To my pleasant surprise, the symposium gave rise to the Adirondack Diversity Initiative, which received enough funding in 2019 to hire a full-time director, Nicole Hylton-Patterson. 

In February, Ms. Hylton-Patterson and I had the opportunity to talk about her vision for promoting diversity, equity and inclusion in the Adirondacks. Her experience, commitment, sensitivity and expertise suggest that the Adirondack community will engage in lively, serious and productive dialogues on how to share the Adirondacks and promote transformative change in its use by all.

However, the most challenging engagements promise to center around the necessary discussions of lingering individual and structural racism and the prison industry that serves as the economic lifeblood for many Adirondack communities. Both are interconnected and function to devalue, demean and destroy large numbers of black and brown people incarcerated in the region. 

Structural racism permeates all of our society’s institutions, denying people of color access to equal rights and services, and gives rise to what incarcerated people call “crime-generative factors”—unemployment, poor health, homelessness, bad housing and poorly functioning schools. Mass incarceration results in further collateral damages, perpetuating a cycle that many black and brown people are unable to escape.

As we gear up to welcome minority populations to the area, there exists no reliable count of the number of blacks residing in the Adirondack region. This is due, in large part, to the presence of both state and federal prisons. Prior to 2010, many state prisons counted their confined populations as residents of the county in which they were incarcerated for legislative districting and federal reimbursement purposes. Though 2010 New York State legislation required state prisons to count their inmate populations as residents of their home communities, the U.S. Census continues to count them as residents of the community in which they are confined. Still, the New York State Department of Corrections and Community Supervision is able to provide monthly counts of their somewhat fluid prison populations. We do know that whatever the actual number of blacks who reside in the Adirondack region, more than 70 percent of that population is imprisoned.

Conditions have grown direr in this 2020 Census year, which has also brought us the COVID-19 virus. There are now an estimated 9,000 people imprisoned in the North Country and some facilities, including Great Meadow, on the eastern border of the Blue Line, have experienced outbreaks. We know that infectious diseases, especially this new one, can spread like wildfire in prisons if there is little room for social distancing and inadequate testing and medical care.

In an effort to deal with the impending threat of the current pandemic in its prisons, it was reported on North Country Public Radio that New York State started transferring an unknown number of prisoners from Fishkill Correctional Facility to North Country prisons to relieve staffing shortages linked to the virus. This kind of movement can exacerbate the problem for those imprisoned, employed, and living in the Adirondack community, as well as the families and communities from which most of the prisoners come. There looms the possibility of increasing exposure to a disease that disproportionately affects black and brown people, and of straining and eventually exhausting the limited medical resources available in the Adirondack region.

The long history of the disproportionate incarceration of black and brown people in the North Country has prompted many in their home communities to view the Adirondacks as “prison country,” with echoes of the plantation economy and chattel slavery that existed in America for 250 years. It will require much work to address this characterization, which prevents many from traveling to the area.


Where do we go
from here to achieve diversity, social equity, justice and inclusion of all in the Adirondacks? I see two important issues that we must address to bring about real change.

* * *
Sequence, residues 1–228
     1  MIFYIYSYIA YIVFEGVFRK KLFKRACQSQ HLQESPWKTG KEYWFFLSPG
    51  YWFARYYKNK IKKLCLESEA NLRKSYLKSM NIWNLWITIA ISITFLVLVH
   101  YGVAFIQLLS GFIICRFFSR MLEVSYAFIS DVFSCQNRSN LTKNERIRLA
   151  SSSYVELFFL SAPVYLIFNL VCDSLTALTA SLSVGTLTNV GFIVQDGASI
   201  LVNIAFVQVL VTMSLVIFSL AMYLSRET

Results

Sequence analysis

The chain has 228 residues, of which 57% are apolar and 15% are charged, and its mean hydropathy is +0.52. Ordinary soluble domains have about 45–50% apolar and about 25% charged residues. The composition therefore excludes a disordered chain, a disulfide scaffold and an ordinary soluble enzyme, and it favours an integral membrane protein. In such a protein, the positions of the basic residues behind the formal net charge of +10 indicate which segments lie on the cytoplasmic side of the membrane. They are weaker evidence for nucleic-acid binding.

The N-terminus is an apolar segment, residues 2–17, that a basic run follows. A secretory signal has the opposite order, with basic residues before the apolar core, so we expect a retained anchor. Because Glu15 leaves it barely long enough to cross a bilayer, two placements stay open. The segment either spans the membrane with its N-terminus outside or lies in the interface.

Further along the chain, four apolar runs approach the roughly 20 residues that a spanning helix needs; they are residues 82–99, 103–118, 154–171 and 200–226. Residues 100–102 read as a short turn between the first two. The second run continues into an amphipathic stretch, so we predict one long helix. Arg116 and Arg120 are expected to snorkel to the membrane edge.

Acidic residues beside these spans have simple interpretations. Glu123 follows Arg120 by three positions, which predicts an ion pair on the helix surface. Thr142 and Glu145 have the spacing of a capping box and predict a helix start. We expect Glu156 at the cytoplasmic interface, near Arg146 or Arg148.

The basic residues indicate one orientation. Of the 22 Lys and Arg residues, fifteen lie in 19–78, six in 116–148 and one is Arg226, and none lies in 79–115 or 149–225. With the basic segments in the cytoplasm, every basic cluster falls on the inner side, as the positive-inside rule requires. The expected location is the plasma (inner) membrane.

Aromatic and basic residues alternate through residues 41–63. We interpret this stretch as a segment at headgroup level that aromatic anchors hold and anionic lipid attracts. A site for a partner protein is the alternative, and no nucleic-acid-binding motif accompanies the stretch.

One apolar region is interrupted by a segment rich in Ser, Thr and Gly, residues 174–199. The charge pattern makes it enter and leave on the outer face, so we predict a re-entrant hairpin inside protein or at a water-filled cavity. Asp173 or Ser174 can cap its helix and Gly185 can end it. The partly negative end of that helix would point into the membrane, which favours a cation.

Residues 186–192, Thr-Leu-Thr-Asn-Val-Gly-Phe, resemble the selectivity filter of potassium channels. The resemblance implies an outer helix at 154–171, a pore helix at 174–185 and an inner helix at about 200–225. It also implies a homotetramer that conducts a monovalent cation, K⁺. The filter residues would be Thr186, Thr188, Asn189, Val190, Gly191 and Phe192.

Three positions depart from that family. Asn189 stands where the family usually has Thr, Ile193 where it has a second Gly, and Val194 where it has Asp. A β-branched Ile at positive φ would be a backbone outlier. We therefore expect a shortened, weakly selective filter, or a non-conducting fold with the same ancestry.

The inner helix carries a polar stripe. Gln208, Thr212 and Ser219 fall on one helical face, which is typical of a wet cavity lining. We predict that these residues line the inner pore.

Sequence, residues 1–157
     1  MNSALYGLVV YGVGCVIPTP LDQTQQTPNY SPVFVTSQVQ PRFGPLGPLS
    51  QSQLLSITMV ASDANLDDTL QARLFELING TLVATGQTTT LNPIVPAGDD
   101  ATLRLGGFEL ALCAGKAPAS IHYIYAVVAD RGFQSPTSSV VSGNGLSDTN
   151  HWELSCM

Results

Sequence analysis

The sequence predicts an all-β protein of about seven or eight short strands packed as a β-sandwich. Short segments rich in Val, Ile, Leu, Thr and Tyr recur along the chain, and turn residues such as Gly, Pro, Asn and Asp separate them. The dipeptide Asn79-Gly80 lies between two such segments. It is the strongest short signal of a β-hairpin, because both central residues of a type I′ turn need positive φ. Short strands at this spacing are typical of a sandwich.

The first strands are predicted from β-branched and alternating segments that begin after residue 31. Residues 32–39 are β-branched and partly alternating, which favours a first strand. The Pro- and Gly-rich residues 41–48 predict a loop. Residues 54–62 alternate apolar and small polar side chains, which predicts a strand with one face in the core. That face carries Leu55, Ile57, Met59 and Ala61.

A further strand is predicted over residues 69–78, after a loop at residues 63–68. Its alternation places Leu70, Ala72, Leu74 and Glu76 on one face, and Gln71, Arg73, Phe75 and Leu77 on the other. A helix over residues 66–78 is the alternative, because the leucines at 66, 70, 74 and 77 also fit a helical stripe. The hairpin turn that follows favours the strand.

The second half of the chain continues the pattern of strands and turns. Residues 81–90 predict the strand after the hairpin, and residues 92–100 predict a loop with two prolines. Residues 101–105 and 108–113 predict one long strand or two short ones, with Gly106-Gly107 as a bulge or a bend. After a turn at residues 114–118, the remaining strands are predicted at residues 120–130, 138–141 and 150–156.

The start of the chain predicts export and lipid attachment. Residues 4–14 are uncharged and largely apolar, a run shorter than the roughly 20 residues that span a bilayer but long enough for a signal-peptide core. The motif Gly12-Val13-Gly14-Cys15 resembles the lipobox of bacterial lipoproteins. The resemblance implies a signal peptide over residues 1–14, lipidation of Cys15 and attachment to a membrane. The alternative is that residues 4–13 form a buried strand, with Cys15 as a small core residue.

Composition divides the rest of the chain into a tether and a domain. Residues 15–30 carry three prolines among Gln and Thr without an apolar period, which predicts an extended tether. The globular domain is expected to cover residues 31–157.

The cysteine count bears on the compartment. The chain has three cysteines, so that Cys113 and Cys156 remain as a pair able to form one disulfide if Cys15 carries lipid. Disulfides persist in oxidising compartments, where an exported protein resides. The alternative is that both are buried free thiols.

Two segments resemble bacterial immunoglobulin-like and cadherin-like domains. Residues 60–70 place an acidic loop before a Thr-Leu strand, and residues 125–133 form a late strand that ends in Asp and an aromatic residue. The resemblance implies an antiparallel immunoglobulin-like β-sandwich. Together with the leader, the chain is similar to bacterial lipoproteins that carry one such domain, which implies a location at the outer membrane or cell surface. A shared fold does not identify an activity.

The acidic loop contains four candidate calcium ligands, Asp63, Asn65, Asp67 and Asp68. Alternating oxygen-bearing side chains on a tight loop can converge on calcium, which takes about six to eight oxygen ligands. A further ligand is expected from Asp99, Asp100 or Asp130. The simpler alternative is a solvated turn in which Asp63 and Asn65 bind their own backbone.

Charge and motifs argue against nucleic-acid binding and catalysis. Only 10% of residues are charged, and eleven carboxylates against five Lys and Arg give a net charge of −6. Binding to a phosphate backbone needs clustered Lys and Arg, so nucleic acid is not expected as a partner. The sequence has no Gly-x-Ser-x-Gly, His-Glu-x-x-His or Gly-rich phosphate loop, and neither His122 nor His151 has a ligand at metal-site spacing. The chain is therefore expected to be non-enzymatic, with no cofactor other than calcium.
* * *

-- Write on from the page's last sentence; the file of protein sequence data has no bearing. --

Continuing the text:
First, as the Alabama-based organization Equal Justice Initiative proclaims, “We must tell the truth about our history of racial injustice before we can address the legacy.” This will be especially difficult in the Adirondacks, which has not had to directly confront the issue, in large measure because of its homogeneous population and politically conservative environment. One important way of starting to tell the truth is to support the work of existing regional groups eager to teach that history, including John Brown Lives!, the North Star Underground Railroad Museum, the Paden Institute and Retreat for Writers of Color, Adirondack Experience, and the Adirondack Diversity Initiative.

One of these, the Paden Institute and Retreat for Writers of Color, was founded by my husband, Charles Touhey, and me in 1997. It hosts and instructs writers and introduces politically astute thinkers and writers from across the country and the world to the Adirondacks and its people. A cross-fertilization continues to take place in Essex, New York, with books being published, residents engaging in conversations with writers about racism, and healthy relationships being developed as writers continue to devote much of their work to telling the history and culture of black and brown people.

Second, the Adirondack community must engage in serious dialogue and develop realistic strategies to address the presence of prisons. We must organize efforts to demand state government produce an effective economic development strategy that will eliminate the area’s heavy dependence on the prison industry. Some believe that such an idea is far-fetched. But we can look at Plattsburgh as a model that successfully survived the loss of the Plattsburgh Air Force Base that the city once heavily depended upon.    

There are growing signs that the region may soon lose one of its leading industries. The alternative-to-prison movement is growing; multiple advocacy groups are working to end mass incarceration; the New York State prison population is drastically declining; and in his 2020 State of the State message Governor Andrew Cuomo—who earlier proclaimed that prisons should not be accepted as an economic development program—asked for the authority to close prisons in three months. He seeks to reverse his father’s legacy as the builder of more prisons than any other governor.

The loss of its prisons may prove to be the Adirondacks’ saving grace. It could signal to the world that this place is free, open and ready to welcome all people. It just may be the time.


Dr. Alice Paden Green  is the founder and executive director for the Center for Law and Justice, based in Albany.